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September 26, 2013
Specialty: Legal counsel related to environmental, land-use, maritime, conservation transactions and water resource issues
Management: Partners Samuel W. “Billy” Plauche, Amanda M. Carr, Peter H. Dykstra
Current projects/clients: Legal counsel to Pacific Coast Shellfish Growers Association; outside counsel to the state of Louisiana’s Natural Resource Trustees for injury assessment and restoration planning related to the Deepwater Horizon Oil Spill; counsel to a consortium of conservation organizations on the largest conservation real estate acquisition in 50 years in Washington state, the Teanaway Community Forest Trust
Plauche & Carr partner Amanda Carr responded to questions about her company and environmental legal issues.
Q: What is the biggest issue you are dealing with?
A: The regulation and use of natural resources would greatly benefit from a shift in focus toward valuing the benefits that natural resources provide. As a society, we are beginning to see this shift, with increasing investment in these services, such as improving water and air quality, preventing erosion, sequestering carbon, and moderating weather extremes. This need spans the breadth of our practice, from working with shellfish growers challenged by impaired water quality and ocean acidification to nonprofit organizations, private companies and governments working to address environmental issues through alternative solutions involving banking, conservation transactions and public-private partnerships.
Q: How did the recession change your business, and natural resource-related legal issues?
A: Billy Plauche and I founded the firm in 2009, in the midst of the recession, because we saw an opportunity for more flexibility in how attorneys approach their work. From a business perspective, the recession made consumers of legal services more careful, focusing on addressing inefficiencies and seeking alternatives to the traditional law firm billing structure. We see this as a positive shift that values our more flexible billing strategy.
From a natural resource perspective, with the recession came a shift from stricter regulation as the exclusive means of improving environmental quality toward more creative, market-based approaches, like an increased emphasis on mitigation banking and public-private partnerships.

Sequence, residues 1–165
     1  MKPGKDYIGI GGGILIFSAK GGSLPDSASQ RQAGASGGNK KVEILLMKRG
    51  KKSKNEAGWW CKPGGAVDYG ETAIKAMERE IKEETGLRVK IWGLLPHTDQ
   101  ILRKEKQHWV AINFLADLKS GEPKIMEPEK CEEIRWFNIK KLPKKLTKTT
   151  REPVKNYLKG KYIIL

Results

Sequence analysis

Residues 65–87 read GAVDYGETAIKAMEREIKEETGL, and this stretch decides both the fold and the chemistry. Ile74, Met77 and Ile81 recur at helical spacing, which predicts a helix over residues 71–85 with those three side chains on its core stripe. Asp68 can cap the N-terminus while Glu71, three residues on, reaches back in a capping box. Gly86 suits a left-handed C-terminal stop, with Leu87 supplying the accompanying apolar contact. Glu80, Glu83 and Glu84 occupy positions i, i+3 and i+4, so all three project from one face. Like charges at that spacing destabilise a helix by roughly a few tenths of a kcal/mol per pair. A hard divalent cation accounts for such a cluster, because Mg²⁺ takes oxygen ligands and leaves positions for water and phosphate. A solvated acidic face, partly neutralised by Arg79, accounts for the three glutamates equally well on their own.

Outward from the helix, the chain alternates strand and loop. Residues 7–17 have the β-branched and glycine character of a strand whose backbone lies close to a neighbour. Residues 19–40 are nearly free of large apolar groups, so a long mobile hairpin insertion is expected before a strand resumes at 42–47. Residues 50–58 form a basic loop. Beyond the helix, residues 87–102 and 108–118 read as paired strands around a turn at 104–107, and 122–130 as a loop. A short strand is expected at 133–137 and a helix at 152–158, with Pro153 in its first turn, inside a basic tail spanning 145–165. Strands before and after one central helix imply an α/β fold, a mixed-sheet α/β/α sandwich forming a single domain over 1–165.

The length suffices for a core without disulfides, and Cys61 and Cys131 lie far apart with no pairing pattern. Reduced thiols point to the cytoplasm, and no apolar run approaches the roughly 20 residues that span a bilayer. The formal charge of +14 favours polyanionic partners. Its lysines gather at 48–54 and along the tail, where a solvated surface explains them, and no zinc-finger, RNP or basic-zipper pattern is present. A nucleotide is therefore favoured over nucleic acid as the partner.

Q: Is there too much regulation or not enough?
A: We have gone about as far as we can go under the current approach to regulation, which almost universally places the environment and the economy at odds with each other. Instead of looking at more or less regulation, we believe a different approach to regulation altogether is needed one that is framed around the valuation of, and investment in, natural resource benefits.
Such a system involves improving natural resources and emphasizing the benefits they provide, such as creating new marsh, which benefits water quality and habitat for endangered waterfowl, or a new shellfish farm, which benefits water clarity and fish habitat. This offsets the negative impacts of other regulated activities, such as discharges from a sewer treatment plant or storm runoff from impervious surfaces in a new development.
Q: How can environmental issues affect the businesses you work with?
A: Many of our clients depend on a healthy environment to sustain their livelihoods, their culture and their communities. For example, the state of Louisiana is undergoing a coastal land loss crisis, losing almost a football field of wetlands every hour, putting at risk thousands of jobs, valuable habitats and ecosystems, fisheries, and entire communities. Our shellfish clients’ livelihoods are threatened by ocean acidification and are dependent on clean water. Conservation organizations are working to preserve large areas of working forest to ensure long-term preservation of these areas remains economically viable.
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